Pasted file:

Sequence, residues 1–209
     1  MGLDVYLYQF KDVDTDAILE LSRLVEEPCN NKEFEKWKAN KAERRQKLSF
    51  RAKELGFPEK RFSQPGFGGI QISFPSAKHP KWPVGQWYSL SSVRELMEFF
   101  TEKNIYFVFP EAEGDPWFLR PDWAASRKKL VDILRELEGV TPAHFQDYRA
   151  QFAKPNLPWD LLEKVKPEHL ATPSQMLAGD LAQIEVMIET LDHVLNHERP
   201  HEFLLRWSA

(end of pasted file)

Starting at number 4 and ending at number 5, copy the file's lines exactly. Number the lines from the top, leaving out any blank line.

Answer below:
   101  TEKNIYFVFP EAEGDPWFLR PDWAASRKKL VDILRELEGV TPAHFQDYRA
   151  QFAKPNLPWD LLEKVKPEHL ATPSQMLAGD LAQIEVMIET LDHVLNHERP